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How tight of a grip?

jeffmatzjeffmatz ChicagoNew
in Gypsy Picking Posts: 97
So I'm a few weeks into learning how to do this properly, so let that frame my question. Skip down a few paragraphs if you don't want to know my background.

I've played guitar for 27 years, jazz for about 15...I previously used a sort of bastardized George Benson pick grip, holding the pick with more of the pad of the index finger and thumb, with a pronounced angle when the pick struck the string.

When playing electric jazz, I could play softly but fast in this style, because the amplifier was giving me volume. Needless to say, this technique does NOT work for unamplified gypsy jazz...

So I've been enjoying gypsy picking so far, for the tonal benefits alone, but even just a few weeks in I can already see how speed will come in time.

With my old technique, I would definitely grasp the pick more firmly for bursts of speed...playing a few lines this morning, I can also see that over the years I developed a bad habit of letting the fingers do some of the work too (builds tension)

My question is this- those of you more experienced with gypsy picking--can you play fast lines with as light of a grip as you'd use for rhythm or melody playing? Is it natural to need to grip the pick a bit firmer for the really fast stuff? I figure the answer is "it comes with time," but if that's not the answer, I don't want to be fighting nature, so to speak:)

Anyway, thanks in advance for reading all of this, and I'm new here too, so hello.


  • Posts: 3,253
    Nobody? Ok welcome. I think you scared them off by calling for more experienced haha. Then at the same time, there's another Pandora's box opened with that pick angle deal.

    There was this run I wanted to play over the melody for Blue Skies. Just a phrase to close out the melody. At least for me it was pretty fast. Every time I'd try it at tempo, the wrist would tense up and something would suffer: tempo, groove, notes would get skipped etc...
    So what I did is play it at tempo knowing volume and/or projection would suffer but the goal was to just stay fluid. Then after a while when that became comfortable, I could gradually add muscle into it. After that, this became my standard practice for faster runs: forget volume, work on getting it fluid and then try to add volume little by little.
    By the way a lot of volume here comes from the weight of the wrist, letting the wrist get pulled by gravity more than pushing.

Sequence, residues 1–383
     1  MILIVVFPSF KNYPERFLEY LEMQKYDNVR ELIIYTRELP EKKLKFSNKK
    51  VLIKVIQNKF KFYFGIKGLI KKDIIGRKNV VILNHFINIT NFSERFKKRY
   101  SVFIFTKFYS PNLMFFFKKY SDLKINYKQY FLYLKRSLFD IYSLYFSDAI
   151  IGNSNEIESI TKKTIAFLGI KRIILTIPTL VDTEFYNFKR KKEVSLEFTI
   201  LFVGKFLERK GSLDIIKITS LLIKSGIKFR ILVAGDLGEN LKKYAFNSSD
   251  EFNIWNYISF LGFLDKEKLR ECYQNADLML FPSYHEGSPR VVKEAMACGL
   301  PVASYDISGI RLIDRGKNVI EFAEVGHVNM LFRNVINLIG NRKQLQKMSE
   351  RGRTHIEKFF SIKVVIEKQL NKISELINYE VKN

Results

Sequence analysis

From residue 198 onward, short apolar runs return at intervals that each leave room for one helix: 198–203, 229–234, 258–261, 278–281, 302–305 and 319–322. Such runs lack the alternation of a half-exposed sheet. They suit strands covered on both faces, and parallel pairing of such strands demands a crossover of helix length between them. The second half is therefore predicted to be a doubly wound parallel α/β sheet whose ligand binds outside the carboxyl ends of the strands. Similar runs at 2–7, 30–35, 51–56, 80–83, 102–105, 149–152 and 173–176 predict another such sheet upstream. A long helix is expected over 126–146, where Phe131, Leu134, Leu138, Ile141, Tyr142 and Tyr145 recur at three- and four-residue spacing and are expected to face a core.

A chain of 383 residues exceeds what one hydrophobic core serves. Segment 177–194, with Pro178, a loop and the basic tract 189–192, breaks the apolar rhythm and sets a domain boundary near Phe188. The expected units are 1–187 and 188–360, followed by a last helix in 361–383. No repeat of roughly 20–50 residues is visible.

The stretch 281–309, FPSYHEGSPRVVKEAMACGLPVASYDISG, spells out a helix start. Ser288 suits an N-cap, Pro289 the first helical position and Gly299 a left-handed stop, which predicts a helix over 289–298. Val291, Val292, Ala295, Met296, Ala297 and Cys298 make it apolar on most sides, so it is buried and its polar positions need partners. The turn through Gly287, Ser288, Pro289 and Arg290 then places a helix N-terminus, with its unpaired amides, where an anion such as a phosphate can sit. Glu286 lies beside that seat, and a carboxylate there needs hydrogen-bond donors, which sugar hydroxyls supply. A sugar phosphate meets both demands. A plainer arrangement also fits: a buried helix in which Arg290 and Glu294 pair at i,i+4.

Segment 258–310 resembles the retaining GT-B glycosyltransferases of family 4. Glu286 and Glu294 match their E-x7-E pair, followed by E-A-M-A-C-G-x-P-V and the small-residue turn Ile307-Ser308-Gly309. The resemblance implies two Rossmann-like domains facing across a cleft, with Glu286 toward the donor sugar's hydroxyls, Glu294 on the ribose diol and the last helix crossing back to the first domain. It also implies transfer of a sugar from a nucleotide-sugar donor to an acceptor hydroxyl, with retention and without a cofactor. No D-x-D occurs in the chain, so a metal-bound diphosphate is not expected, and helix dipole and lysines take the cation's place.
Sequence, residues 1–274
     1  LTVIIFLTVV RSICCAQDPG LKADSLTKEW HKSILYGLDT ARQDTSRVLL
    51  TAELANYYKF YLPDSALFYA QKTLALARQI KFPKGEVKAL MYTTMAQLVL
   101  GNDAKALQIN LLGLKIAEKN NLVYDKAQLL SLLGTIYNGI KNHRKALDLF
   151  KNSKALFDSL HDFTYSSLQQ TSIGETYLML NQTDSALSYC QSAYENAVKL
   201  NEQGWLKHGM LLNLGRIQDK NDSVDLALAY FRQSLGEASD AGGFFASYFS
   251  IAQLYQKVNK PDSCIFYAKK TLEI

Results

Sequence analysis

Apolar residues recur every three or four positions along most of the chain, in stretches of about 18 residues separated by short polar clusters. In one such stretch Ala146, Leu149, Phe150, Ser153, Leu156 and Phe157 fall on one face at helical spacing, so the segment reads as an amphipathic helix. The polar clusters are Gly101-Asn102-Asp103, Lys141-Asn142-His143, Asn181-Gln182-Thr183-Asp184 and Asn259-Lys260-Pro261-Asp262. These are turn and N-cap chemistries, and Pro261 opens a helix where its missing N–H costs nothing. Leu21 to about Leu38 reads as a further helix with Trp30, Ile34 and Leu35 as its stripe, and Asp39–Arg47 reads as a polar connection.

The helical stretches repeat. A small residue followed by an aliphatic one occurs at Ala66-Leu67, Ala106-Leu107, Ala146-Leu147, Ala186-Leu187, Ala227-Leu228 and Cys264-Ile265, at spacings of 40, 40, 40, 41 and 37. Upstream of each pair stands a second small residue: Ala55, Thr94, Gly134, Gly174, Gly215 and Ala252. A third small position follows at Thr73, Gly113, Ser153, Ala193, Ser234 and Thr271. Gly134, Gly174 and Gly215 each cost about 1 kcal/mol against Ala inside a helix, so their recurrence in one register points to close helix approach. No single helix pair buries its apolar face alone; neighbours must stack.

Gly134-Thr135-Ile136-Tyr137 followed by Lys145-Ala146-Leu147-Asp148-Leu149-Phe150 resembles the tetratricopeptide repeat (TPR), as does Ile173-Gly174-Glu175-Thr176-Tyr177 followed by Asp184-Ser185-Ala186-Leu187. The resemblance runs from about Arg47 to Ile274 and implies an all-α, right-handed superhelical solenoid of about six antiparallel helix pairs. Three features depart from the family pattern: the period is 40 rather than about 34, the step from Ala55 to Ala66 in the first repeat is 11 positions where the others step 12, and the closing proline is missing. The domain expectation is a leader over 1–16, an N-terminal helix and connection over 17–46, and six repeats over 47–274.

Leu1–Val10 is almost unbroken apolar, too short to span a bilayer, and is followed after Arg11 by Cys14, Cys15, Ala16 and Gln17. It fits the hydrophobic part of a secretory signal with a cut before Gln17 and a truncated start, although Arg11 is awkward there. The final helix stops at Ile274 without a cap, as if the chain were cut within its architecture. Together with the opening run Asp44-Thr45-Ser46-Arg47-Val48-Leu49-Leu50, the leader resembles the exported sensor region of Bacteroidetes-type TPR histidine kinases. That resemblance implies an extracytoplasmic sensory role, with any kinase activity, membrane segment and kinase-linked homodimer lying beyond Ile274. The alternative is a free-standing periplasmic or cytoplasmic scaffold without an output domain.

Every note wants to go somewhere-Kurt Rosenwinkel
  • jeffmatzjeffmatz ChicagoNew
    Posts: 97
    Thanks for your reply!

    I can already see how this technique will keep me more relaxed in the long run. Just gotta stick with it...

    It's frustrating when I know I could do things my "old way" and play them at tempo, but I also know I'll sacrifice tone, volume, and endurance...just gotta keep at it. Wish I did this 10 years ago before I had kids;)
  • NejcNejc Slovenia✭✭ Altamira M01
    edited August 2018 Posts: 98
    There are as many different ways to play the guitar as there are players (purposely exaggerating).

    As you pointed out switching from electrical guitar to acoustic is a problem for everyone.

    The hand and pick become the volume and tone controls.

    The things you could correct before by simply turning the knobs to get the desired sound are now a matter of hand positioning, pick angle etc. The best acoustical guitarists learn to switch these "parameters" to get the desired tone in the middle of the song without even thinking about it. So I dont believe there is a go to way, regarding what kind of grip is better etc. Matter of personal taste and what you think will get you the best sound for that arrangement, or part of it.

    I would say do as you think is best for you. Personally I will never put speed before tone. What you then get is a speed contest not music (something I hear a lot in GJ).

    Start with what you think will get you the best tone without compromising speed and then work on top of that.
  • jeffmatzjeffmatz ChicagoNew
    Posts: 97
    I'd say that sounds like good sound advice. Thank you.
  • NejcNejc Slovenia✭✭ Altamira M01
    Posts: 98
    A bit off topic, but will post it just for the sake of it

    You can watch the whole video or just start from 7:45

    Maestro I cannot get the sound from my guitar, maybe its the string.
    They switch guitars... Its allright =)
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